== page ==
Kevin Brennan Writes About What It's Like
For me, three stars is a good review, so I’ll say at the top that I liked this book and admired what Haslett has accomplished with it. As a novelist myself, though, I wish the publishing business would allow more of us to write books like this, heavy on character and light on plot, because that’s how you get to the realistic core of what it is to be human. This family — Michael, Alec, Celia, Margaret, and John — is the tragic host of another character (clinical depression) that governs everything in their lives. A formulaic plot doesn’t cut it with a story like that; you need to get deep inside these people, and Haslett succeeds beautifully.
The technique of multiple first-person voices is a great approach here. We hear from each family member in alternating segments, though only Michael’s voice truly stands out with energy and real individuality. Ironic that he’s the depressed one. The other family members sound a lot alike in their low-grade suffering, typical New Yorker short story voices, really. Not much of a there there in the female characters, which is a shame. We appreciate their takes on Michael more than anything, but they seem mired in place and don’t seem to evolve like Michael and Alec do.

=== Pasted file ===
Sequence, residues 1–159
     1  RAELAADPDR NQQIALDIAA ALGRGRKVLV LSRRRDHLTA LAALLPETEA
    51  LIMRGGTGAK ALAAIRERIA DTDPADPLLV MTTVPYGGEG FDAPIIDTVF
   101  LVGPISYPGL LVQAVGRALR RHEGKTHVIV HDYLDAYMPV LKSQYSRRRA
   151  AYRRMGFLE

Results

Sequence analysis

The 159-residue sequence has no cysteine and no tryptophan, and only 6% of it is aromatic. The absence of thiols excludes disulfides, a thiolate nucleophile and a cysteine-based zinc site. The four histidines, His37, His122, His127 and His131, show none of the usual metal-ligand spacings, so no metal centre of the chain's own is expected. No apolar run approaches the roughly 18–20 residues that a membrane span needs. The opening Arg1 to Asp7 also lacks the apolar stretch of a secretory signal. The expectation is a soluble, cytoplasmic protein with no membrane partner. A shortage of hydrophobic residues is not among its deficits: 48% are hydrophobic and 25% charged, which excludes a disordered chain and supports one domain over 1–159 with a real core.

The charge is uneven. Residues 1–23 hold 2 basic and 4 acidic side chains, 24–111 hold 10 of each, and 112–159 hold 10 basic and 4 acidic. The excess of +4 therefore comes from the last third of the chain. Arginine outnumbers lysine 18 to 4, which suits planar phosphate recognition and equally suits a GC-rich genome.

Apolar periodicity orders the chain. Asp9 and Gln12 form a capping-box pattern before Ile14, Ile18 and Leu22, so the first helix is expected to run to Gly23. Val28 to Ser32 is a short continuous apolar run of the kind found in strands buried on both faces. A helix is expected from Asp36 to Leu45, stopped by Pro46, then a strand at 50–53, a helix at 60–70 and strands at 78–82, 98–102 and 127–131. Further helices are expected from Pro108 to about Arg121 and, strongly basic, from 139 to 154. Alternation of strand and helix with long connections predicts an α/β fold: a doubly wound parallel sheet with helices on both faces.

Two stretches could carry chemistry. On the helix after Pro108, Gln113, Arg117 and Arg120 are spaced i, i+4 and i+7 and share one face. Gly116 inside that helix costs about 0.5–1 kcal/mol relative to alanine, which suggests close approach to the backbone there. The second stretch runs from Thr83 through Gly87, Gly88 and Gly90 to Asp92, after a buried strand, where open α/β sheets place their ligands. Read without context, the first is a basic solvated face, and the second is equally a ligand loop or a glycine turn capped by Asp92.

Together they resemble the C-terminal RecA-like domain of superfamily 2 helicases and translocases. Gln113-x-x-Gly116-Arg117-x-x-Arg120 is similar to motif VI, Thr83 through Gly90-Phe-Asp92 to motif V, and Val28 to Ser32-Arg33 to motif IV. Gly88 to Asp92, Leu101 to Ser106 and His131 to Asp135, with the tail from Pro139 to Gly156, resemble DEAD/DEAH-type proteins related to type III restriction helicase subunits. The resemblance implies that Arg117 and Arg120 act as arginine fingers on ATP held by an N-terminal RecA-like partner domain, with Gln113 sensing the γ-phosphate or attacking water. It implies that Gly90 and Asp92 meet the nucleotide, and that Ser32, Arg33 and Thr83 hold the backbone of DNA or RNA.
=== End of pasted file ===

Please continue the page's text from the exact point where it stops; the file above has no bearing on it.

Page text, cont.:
But the treatment of how clinical depression affects patients and their families is painfully accurate and moving. We understand what is happening and, like the family itself, can’t do anything to stop it. A family member with depression is always boxed in or set aside, with everyone hoping that the drugs start working one day.
Haslett’s writing is literary and well-crafted, though now and then it feels like we might have seen some of these moments before. His main achievement in this book is to have taken on a tragic situation honestly and without sweetening it for easier consumption. The thing that is left for people close to loved ones with depression is often an enduring sense of guilt.